6. ^ Katrina and Rita IDPs are not of concern to, and therefore not counted by, UNHCR ("2005 Global Refugee Trends" (PDF)., UNHCR, Table 14, p. 94). They therefore do not appear in many international numbers. However, they are often discussed under the IDP definition. (Example: Harvard Educational Review editorial)
  7. ^ a b Sastry, Naryan (Summer 2007). "Working Paper: Tracing the effect of Hurricane Katrina on the Population of New Orleans" (PDF). p. 3. Retrieved 2009-06-11.
  8. ^ "New Orleans Three Years after the Storm: The Second Kaiser Post-Katrina Survey, 2008" (PDF). The Henry J. Kaiser Family Foundation. p. 6. Retrieved 2009-06-11.
  9. ^ Klapper, Bradley (2006-07-28). "U.N. Panel Takes U.S. to Task Over Katrina". AP Online. The America's Intelligence Wire.
  10. ^ 26. The Committee, while taking note of the various rules and regulations prohibiting discrimination in the provision of disaster relief and emergency assistance, remains concerned about information that poor people and in particular African-Americans, were disadvantaged by the rescue and evacuation plans implemented when Hurricane Katrina hit the United States of America, and continue to be disadvantaged under the reconstruction plans. (articles 6 and 26) The State party should review its practices and policies to ensure the full implementation of its obligation to protect life and of the prohibition of discrimination, whether direct or indirect, as well as of the United Nations Guiding Principles on Internal Displacement, in the areas of disaster prevention and preparedness, emergency assistance and relief measures. In the aftermath of Hurricane Katrina, it should increase its efforts to ensure that the rights of poor people and in particular African-Americans, are fully taken into consideration in the reconstruction plans with regard to access to housing, education and healthcare. The Committee wishes to be informed about the results of the inquiries into the alleged failure to evacuate prisoners at the Parish prison, as well as the allegations that New Orleans residents were not permitted by law enforcement officials to cross the Greater New Orleans Bridge to Gretna, Louisiana. See: "Concluding Observations of the Human Rights Committee on the Second and Third U.S. Reports to the Committee (2006)". Human Rights Committee. University of Minnesota Human Rights Library. 2006-07-28.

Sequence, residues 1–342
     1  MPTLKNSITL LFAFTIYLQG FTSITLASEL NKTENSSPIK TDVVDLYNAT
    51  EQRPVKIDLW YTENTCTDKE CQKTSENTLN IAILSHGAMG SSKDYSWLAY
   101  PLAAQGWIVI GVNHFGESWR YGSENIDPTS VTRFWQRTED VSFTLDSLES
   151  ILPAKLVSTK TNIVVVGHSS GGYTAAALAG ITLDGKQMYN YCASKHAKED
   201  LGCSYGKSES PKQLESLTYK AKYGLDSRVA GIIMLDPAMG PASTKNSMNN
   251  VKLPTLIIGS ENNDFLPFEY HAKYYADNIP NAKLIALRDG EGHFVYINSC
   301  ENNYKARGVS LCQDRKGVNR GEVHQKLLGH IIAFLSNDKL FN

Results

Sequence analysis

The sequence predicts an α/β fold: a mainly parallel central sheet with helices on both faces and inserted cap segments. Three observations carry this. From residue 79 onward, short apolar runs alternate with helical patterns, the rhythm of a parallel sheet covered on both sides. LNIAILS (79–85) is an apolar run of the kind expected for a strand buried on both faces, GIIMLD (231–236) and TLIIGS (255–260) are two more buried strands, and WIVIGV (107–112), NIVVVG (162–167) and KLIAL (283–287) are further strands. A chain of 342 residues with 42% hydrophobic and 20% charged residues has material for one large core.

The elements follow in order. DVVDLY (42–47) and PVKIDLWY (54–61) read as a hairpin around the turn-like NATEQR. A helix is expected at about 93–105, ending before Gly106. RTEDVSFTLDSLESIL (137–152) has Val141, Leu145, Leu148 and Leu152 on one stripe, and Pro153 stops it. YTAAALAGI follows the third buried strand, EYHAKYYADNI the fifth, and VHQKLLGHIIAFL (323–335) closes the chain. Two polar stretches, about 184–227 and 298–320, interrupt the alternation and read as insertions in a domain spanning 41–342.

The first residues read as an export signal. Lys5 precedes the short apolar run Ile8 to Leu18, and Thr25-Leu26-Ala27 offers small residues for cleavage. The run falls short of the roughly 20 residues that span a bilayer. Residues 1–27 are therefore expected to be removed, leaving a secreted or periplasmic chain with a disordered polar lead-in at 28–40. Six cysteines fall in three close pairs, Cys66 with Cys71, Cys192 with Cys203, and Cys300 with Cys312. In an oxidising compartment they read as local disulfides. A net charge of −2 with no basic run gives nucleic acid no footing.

11. ^ "Hurricane Katrina and the Guiding Principles on Internal Displacement" (PDF). Institute for Southern Studies. January 2008. pp. 18–19. Archived from the original (PDF) on 2011-05-26. Retrieved 2009-05-18. See also: Sothern, Billy (2006-01-02). "Left to Die". The Nation. pp. 19–22.
  12. ^ "Report says U.S. Katrina response fails to meet its own human rights principles". New Orleans CityBusiness. 2008-01-16. See also: "Hurricane Katrina and the Guiding Principles on Internal Displacement" (PDF). Institute for Southern Studies. January 2008. Archived from the original (PDF) on 2011-05-26. Retrieved 2009-05-18.
  13. ^ "Report of the Special Rapporteur". United Nations Human Rights Council. 28 April 2009. pp. Thirty. Retrieved 2009-05-24.
  14. ^ "Fact Sheet: Redevelopment that Respects New Orleanians". HUD. Retrieved 2009-06-12.
  15. ^ Alingod, Kris. "Update 2: New Orleans City Council Unanimously Votes To Demolish Public Housing". AHN News. Retrieved 2009-06-12.
  16. ^ Linthicum, Kate. "Hurricane victims get chance to buy trailers for as little as $1". L.A. Times. Retrieved 2009-06-12.
  17. ^ Gonzales, John M. (2008-11-25). "With aid in limbo, New Orleans rents rise". San Francisco Chronicle. Retrieved 2009-06-12.
  18. ^ Jervis, Rick (August 4, 2008). "New Orleans' population may have hit plateau". USA Today. Retrieved June 12, 2009.
  19. ^ US Census estimate quoted in